REZA SAYAH, CNN CORRESPONDENT (voice-over): Blood stains cover the seats of an old canopied pickup truck. Malala Yousafzai and her classmates road together to get home from school. This is where Malala was sitting, police say, when gunman shot her in the head. Kainat Ahmed, Malala's friend, was sitting next to her, she says, when one of the attackers stopped the truck. Another came around the back, Kainat says, gun in hand. "When we saw the gun, we started screaming," Kainat says. "He asked, who's Malala. I don't think anyone told him, but he recognized Malala and started shooting. Malala fell down, but he kept firing. That's when my friend and I got injured."

Kainat is recovering from a bullet wound to the hand. The 14-year-old Malala, who had a high-profile blog critical of the Taliban, is clinging to life following major surgery. The passenger truck now part of an intense investigation to find the gunman. The Pakistani government, under increasing pressure to solve the case, has given conflicting accounts of the probe.

The interior minister says the two gunmen have been identified and arrests are coming soon. The foreign minister told CNN, 100 people were detained for questioning. A regional police chief says 35 people are in custody for questioning. Three blame Malala's shooting on a man with suspected links to the Taliban. The Taliban have already claimed they plotted the attack, but police say still no hard evidence who pulled the trigger.

On Friday, the outpouring of support continued with a message from the prime minister.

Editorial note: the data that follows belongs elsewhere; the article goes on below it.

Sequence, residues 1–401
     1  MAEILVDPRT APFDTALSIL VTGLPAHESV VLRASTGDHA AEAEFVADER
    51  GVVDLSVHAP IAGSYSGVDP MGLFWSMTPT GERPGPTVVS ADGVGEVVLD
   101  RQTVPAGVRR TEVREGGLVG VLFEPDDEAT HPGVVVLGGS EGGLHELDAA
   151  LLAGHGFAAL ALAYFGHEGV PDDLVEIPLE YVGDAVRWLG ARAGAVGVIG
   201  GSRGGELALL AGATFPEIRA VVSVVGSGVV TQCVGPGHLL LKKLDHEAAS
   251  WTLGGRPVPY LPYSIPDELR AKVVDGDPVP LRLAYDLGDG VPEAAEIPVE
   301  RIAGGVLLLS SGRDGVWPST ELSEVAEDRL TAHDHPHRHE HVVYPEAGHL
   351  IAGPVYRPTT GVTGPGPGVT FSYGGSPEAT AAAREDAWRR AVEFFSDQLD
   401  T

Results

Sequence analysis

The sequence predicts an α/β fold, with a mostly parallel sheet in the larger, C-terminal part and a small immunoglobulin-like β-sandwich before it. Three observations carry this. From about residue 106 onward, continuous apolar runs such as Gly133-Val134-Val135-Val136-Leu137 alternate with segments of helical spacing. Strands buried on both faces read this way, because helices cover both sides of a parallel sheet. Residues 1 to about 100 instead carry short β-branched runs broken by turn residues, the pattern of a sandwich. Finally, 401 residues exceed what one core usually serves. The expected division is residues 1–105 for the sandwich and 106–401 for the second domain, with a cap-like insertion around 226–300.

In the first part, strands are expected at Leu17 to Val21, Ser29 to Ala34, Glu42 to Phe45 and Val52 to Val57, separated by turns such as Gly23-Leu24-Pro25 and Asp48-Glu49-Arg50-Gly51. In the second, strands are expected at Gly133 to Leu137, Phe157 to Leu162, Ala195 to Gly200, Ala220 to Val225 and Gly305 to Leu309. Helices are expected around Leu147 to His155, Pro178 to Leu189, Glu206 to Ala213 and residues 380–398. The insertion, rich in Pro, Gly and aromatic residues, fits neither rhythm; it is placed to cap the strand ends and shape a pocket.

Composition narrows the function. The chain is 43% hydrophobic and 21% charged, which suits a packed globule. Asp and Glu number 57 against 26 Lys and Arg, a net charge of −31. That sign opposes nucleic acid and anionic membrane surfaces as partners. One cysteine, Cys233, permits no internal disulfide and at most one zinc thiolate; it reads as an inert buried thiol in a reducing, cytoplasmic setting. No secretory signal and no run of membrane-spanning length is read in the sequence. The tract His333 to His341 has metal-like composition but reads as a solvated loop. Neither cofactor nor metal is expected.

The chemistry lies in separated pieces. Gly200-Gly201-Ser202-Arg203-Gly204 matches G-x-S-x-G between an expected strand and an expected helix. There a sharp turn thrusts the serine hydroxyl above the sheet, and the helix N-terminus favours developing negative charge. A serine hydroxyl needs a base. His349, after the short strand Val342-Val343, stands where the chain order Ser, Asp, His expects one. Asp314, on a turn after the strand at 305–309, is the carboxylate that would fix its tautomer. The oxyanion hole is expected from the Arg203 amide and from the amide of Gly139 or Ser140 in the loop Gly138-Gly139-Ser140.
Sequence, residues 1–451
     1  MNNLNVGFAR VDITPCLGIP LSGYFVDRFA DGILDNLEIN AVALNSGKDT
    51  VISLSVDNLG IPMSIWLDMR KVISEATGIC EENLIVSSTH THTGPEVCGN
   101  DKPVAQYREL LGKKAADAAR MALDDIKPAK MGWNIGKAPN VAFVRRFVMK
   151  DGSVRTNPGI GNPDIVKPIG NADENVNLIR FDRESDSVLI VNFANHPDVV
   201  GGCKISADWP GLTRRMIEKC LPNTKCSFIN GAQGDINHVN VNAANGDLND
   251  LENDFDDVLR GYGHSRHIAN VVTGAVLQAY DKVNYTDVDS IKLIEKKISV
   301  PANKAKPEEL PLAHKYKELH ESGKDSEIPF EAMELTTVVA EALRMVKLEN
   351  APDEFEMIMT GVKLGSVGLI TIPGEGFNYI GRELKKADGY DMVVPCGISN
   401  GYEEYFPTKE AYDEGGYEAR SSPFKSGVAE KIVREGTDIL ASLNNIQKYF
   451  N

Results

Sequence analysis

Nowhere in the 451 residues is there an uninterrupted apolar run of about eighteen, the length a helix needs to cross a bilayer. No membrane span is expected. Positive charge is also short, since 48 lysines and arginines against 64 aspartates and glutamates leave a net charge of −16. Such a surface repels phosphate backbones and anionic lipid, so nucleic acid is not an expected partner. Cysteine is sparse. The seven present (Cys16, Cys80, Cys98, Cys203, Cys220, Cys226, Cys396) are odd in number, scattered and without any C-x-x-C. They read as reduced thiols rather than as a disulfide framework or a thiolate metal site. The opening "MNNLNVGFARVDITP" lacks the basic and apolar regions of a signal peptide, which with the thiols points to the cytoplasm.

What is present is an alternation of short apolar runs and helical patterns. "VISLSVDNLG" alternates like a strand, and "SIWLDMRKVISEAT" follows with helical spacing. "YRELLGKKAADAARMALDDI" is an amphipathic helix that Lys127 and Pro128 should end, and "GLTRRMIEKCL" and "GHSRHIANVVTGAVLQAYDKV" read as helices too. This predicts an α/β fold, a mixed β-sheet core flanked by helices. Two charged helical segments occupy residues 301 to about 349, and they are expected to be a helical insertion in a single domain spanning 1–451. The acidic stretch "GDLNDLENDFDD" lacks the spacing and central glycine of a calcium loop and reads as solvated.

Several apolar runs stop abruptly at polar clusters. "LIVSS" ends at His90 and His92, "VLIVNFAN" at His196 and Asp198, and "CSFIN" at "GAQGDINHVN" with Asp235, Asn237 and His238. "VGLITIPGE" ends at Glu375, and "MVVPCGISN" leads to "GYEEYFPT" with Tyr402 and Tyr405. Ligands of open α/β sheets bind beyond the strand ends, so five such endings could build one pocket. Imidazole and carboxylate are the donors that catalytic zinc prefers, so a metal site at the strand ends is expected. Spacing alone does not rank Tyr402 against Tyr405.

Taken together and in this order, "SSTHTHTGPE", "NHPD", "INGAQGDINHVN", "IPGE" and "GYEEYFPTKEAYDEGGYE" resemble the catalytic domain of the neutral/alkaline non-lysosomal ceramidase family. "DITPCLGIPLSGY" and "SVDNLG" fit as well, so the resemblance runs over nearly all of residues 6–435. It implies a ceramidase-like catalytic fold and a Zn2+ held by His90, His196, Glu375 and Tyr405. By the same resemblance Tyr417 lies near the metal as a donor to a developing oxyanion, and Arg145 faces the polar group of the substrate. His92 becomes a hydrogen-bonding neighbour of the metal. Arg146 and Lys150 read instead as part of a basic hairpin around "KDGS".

UNIDENTIFIED MALE: And we have to (ph) unite and stand together.

SAYAH: And vigils across the country. Pakistanis, young and old, praying for Malala, a 14-year-old human rights activist whose legend grows by the day.

TAHIRA ABDULLA, HUMAN RIGHTS ACTIVIST: She, a little child, gives all the people hope and inspiration and sanity and brings us back from depression and dejection.

SAYAH (on camera): A top government official says in the coming days doctors will be keeping a close eye on the swelling in Malala's brain. Swelling after brain surgery, a big concern. Of course, the brain is enclosed in a hard casing, the skull, unlike other parts of the body. The swelling doesn't have anywhere to go, that's why doctors say they're going to keep a close eye on it. Much of this nation, much of the world, keeping a close eye on Malala's health, as well.

Reza Sayah, CNN, Islamabad.


KAYE: It is probably not the workout they expected. Shocking allegations against a woman using a gym to run a prostitution ring.


KAYE: Welcome back, everyone. Just about half past the hour. I'm Randi Kaye.

BLACKWELL: I'm Victor Blackwell. Thanks for starting your day with us. Here are five stories we are watching this morning. Starting with a manhunt right now in Colorado for whomever killed a 10-year-old girl. Police say they found the body of Jessica Ridgeway. She was reported missing a week ago. And Jessica was last seen leaving school.


CHIEF LEE BIRK, WESTMINSTER, COLORADO, POLICE DEPT.: It's with a great deal of sorrow in my heart that I regret to inform you that the body that was found in Arvada has been positively identified as Jessica Ridgway, the missing girl from Westminster. The family has been notified. We can't begin to comprehend the grief that they're going through.


BLACKWELL: Investigators say a dismembered body found in the park, again, is Jessica.

KAYE: In Georgia, the body of a Florida journalist who went missing in August was found incased in concrete, buried in a backyard. Investigators used dental records and CT scans to identify 30-year-old Sean Dugas, a former crime reporter, at the Pensacola News Journal. Twin brothers, William and Christopher Cormier, are charged with his murder.